Sunday, October 19, 2014

#18 October 19 2014




I find it truly ironic that book writers—who tend towards the solitary and introverted—now have to market themselves actively and effectively (to the extent of building up a substantial following) before an agent, let alone a publisher, will even look at them.

But what about the writing?

Frankly, in our current culture, one’s writing is irrelevant if not pre-determined—as validated by social media—to have significant sales appeal.

Do Facebook ‘likes’ in fact equate to sales? Well, that’s a whole other can of worms, but they do validate an agent’s argument when he is pushing your work—and, similarly, they justify a publisher’s acquisition committee’s decision to purchase and publish.

Yes, now that the large traditional publishers have been condensed into five corporatized bemoths (an oligopoly), committees are how it’s done these days (so don’t try and be too original). 

But, on that basis—if the author has to do all the work—why have an agent and publisher?  Well, to be fair, there is a great deal more to publishing a book than marketing—although marketing is the dominant requirement—but many of us are currently asking exactly that question (especially given that many writers are treated less than optimally by such middlemen). Furthermore, more than a few of us who have undertaken the task of self-publishing professionally—and with adequate resources—have done impressively well (though there is much debate about the actual figures).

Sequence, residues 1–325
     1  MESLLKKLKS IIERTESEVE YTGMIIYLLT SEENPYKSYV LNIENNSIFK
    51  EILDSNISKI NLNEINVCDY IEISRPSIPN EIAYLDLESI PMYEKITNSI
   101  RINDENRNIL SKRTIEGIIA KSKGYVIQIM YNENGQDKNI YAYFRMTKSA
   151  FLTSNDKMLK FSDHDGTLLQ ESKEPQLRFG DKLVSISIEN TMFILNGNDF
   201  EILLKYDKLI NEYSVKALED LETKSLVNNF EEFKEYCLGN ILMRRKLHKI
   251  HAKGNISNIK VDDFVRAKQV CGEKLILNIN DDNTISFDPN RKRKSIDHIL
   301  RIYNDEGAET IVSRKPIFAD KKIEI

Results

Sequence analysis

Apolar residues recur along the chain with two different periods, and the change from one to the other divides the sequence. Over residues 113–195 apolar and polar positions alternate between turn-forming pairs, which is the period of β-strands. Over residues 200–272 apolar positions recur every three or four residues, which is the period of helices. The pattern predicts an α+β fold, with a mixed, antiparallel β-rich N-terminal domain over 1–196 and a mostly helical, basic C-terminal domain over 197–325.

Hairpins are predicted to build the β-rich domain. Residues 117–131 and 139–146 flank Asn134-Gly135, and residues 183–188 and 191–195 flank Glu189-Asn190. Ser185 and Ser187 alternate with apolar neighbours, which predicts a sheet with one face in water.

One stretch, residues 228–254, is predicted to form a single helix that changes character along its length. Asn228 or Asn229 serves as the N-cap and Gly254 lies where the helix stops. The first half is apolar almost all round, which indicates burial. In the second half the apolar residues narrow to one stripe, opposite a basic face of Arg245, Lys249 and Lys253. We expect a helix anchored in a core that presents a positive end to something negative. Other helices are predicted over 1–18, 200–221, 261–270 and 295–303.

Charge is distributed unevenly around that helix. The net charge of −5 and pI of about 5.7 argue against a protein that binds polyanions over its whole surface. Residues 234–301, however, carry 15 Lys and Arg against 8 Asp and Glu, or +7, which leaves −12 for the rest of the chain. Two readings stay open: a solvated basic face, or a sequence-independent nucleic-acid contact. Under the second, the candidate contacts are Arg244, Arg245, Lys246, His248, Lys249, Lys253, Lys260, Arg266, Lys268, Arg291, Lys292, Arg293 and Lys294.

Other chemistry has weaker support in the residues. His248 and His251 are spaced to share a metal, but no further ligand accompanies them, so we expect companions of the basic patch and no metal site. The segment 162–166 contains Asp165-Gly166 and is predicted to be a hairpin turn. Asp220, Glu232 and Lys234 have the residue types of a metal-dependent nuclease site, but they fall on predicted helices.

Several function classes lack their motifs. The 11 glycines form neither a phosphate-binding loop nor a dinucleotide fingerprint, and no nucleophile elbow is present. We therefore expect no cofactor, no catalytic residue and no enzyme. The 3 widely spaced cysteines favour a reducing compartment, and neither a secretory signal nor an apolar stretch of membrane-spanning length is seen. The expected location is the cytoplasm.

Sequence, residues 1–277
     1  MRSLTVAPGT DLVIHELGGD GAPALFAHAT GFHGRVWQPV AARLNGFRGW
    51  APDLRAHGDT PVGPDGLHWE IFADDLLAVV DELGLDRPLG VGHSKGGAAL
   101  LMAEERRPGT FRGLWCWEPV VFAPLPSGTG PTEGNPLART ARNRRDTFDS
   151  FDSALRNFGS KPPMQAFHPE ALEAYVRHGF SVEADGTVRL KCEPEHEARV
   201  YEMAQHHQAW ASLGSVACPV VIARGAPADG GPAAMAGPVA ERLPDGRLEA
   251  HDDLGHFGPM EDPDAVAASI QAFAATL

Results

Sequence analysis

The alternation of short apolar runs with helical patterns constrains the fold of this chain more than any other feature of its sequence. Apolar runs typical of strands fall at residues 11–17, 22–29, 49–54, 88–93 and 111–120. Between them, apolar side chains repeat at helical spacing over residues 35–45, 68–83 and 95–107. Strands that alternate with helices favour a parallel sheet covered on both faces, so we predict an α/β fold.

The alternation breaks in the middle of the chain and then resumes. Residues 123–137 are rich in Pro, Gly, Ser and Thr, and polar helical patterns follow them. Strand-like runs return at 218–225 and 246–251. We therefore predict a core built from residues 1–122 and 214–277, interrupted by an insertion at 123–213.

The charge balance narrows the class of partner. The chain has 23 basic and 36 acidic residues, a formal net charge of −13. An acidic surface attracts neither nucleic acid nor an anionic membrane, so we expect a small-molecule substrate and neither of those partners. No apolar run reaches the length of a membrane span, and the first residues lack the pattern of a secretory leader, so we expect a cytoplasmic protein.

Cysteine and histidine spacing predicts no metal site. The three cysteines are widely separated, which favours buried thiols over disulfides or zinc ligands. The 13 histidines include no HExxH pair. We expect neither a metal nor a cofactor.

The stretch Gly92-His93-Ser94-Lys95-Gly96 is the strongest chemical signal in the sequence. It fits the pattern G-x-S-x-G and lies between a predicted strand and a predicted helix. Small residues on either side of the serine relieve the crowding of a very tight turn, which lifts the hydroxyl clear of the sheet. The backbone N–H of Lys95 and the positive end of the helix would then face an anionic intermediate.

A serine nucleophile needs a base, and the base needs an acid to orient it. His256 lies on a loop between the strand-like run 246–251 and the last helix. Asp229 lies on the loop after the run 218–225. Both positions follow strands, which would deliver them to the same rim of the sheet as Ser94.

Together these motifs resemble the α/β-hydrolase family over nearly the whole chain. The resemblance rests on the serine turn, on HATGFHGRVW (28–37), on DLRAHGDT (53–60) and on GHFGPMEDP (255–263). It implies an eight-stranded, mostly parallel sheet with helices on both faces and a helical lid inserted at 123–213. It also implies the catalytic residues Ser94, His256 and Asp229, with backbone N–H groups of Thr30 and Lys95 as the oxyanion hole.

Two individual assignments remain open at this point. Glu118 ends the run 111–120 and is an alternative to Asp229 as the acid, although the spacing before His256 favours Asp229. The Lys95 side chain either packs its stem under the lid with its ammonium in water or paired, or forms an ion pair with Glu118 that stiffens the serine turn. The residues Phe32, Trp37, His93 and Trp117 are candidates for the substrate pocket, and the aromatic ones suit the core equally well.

Personally, I have chosen the self-publishing route—better known these days as ‘indie publishing’—and it was in furtherance of that goal that late last March, and early April, that I initiated a series of tests to try and resolve the positioning issue. I have long regarded that question as the hardest to answer. It’s more art than science.

Positioning, in essence, is how you represent your brand to the marketplace in order to maximize your sales appeal. Marketing probably has a formal definition, but that is how I see it.

To that end, I issued the above photo—somewhat reluctantly since I have never particularly liked my appearance, and have certainly never considered myself a good-looking man. In terms of ego, I’m proud of my brain—despite its eccentricities—but, in the absence of an alternative, have never more that tolerated my appearance.

As far as the photo is concerned, others would disagree. The response has been mind-boggling to the point of extraordinary.

And it is continuing.

Who is this affable looking adventurer with the laughter lines around his eyes? Does my life, as I remember it, equate to that physical appearance? I look, indeed, like a man who has had a good and interesting life—and is continuing to do so.

I have no explanation.

I can but chuckle.

467 words.

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